For a short time in the late 1970s Playboy Magazine published nude images of minor girls; French model Eva Ionesco appeared in the Italian edition of the magazine at age 11 in 1976 and again on the cover of the Spanish edition in 1978.[29] Playboy published nude photographs of a 10-year-old Brooke Shields in the United States in a 1976 publication entitled Sugar 'n' Spice.[30] Though courts have held that the images of Shields do not technically constitute pornography, they still demonstrate a brief period when the prevalence of pedohebephilic impulses among men was culturally acknowledged.

In a 2021 interview in The Guardian, Brooke Shields was asked if she felt harmed by her participation in sexually-oriented films and nude photo shoots as a young girl. She responded, "there's something incredibly seductive about youth... I think it just has different forms and it's how you survive it, and whether you choose to be victimized by it. It's not in my nature to be a victim."[31]

Politically-correct alternatives and their limitations

Most people who become politically engaged on the topic of "Child Pornography", or prohibited images of minors in general, prefer to use alternative terminology. There is presently no agreement on what form this should take.

"CSAM" (prohibitionist)

More recently, a politically correct term, CSAM (Child Sexual Abuse Material) has come into use, particularly by eliminationists such as INHOPE. However, since most such material is now produced by minors, this term and the idea that all such material can be eliminated, is inherently problematic and has implications for civil liberties. It should also be noted that most such minor pornographers are in fact teenagers and not prepubescent children, who feature in a tiny minority of such material despite being of greater importance to investigators. Some investigations would also appear to contest the idea that the rarer, adult produced "CSAM" meets widely accepted scientific definitions of "abuse". Instead, such material may only violate legal statutes passed many years after production.

The UK's Internet Watch Foundation uses "Child Sexual Abuse Imagery",[32] implying (as with the similar "CSAM") that self-capture of nudity and masturbation is a form of self "abuse" by a "child" unto him or herself (see prohibited images of children).

"Youth Erotica" (libertarian)

A more accurate term for the genre would be "Youth Erotica"[33] (or Child Erotica for prepubescent material), although libertarian terms have not seen widespread use due to the legal schemes in most western countries (see Child Pornography Laws, or Wikipedia's piece on the legality of CP).

The "child erotica" variant has seen some use in US law for reasons other than its accuracy. "Child Erotica" images of clothed children are deemed to be inappropriate if they arouse "lewd, prurient or sensual" desires, and have thus introduced a lower bar than CP laws.

Law enforcement as promoters

Much of the panic surrounding CP spans from the efforts of target-chasing law enforcement agents, who are known to confect nonexistent examples of CP (a typical method is labeling an entire collection "CP" if it contains but a few suspect titles) and even actively peddle it through the dark web.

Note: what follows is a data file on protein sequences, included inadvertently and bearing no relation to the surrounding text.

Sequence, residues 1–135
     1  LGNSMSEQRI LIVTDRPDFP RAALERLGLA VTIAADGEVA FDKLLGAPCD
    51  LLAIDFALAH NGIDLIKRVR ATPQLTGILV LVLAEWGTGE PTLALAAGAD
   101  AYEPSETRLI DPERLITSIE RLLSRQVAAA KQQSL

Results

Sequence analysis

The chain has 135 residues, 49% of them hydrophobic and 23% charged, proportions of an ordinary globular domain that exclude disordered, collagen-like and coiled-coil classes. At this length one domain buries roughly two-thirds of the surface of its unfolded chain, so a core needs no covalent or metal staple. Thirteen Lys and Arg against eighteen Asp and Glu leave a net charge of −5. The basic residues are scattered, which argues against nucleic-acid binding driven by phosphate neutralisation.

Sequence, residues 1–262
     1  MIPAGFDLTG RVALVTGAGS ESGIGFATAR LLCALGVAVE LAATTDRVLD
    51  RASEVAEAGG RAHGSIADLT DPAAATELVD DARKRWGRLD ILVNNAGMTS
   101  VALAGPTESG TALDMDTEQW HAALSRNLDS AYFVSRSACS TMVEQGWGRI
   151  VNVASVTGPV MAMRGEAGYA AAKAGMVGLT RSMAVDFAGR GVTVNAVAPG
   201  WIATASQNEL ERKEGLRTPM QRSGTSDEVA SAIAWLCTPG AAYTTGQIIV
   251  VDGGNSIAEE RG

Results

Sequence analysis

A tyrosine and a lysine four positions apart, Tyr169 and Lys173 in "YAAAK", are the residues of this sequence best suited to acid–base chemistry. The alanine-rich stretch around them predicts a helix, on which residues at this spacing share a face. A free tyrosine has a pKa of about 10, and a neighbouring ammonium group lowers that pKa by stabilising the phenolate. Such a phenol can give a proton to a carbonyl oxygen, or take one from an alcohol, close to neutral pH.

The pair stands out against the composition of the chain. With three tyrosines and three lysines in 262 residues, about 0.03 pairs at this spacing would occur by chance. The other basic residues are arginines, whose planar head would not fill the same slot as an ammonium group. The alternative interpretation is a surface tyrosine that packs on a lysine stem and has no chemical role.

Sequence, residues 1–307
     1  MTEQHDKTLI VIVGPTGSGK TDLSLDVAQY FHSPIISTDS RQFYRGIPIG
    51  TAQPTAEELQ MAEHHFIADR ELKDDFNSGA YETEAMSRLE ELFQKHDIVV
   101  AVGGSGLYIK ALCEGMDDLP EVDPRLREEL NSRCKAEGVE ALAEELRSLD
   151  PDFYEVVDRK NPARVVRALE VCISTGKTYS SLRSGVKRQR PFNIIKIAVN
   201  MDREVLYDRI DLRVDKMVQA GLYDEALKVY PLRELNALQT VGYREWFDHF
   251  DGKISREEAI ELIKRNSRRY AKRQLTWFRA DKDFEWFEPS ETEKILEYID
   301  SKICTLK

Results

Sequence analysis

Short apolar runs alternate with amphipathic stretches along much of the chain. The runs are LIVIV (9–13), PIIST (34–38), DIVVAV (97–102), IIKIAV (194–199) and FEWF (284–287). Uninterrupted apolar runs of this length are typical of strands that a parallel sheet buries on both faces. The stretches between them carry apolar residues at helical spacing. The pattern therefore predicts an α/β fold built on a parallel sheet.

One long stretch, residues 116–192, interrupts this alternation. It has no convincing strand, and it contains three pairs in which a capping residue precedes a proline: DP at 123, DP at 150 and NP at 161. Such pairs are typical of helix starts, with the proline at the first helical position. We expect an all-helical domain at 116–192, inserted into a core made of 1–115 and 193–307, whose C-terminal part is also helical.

Hyping non-existent "CP"

There have been many examples of mislabeling "child pornography" to create sensational "scoops" for the media. In 2021, California's Central Valley Internet Crimes Against Children Task Force claimed that Michael Martin was found in posession of "more than 1,000 DVDs containing videos of children being raped" [our emphasis], adding "detectives consider this to be one of the largest collections of child pornography they have ever come across in an investigation".[34] In the first story, a photograph of what appears to be numerous rip-off DVDs and a small number of commercial (i.e. legal) titles was published. The reason for censoring the titles of those commercial DVDs was at the time unclear. Suspicions about the veracity of these claims were later confirmed in 2022 after Martin's sentencing, when more detailed photographs[35] of the collection were published, revealing well-known commercial "twink" gay porn labels such as Eastboys and Sex Slaves of Sodom,[36] which even has its own IMDB page.[37] The reason for censoring the initial image was therefore likely to be the potential embarrassment caused to law enforcement upon identification of banal pornography. Despite Martin's lawyer confirming that the CP element of the collection related to a small removable hard drive, trafficking-conspiracy influencer An Open Secret went on to use the images of perfectly legal material to repeat the original claims in a Twitter thread that went on to be shared over 5,000 times.[38]

Active distribution

Law enforcement departments are considered to be one of the primary distributors of "CP". Indeed, as early as 1990 at a southern California police seminar, the LAPD's R. P. "Toby" Tyler proudly announced as much. The government had shellacked the competition, he said; now law enforcement agencies were the sole reproducers and distributors of child pornography.[39]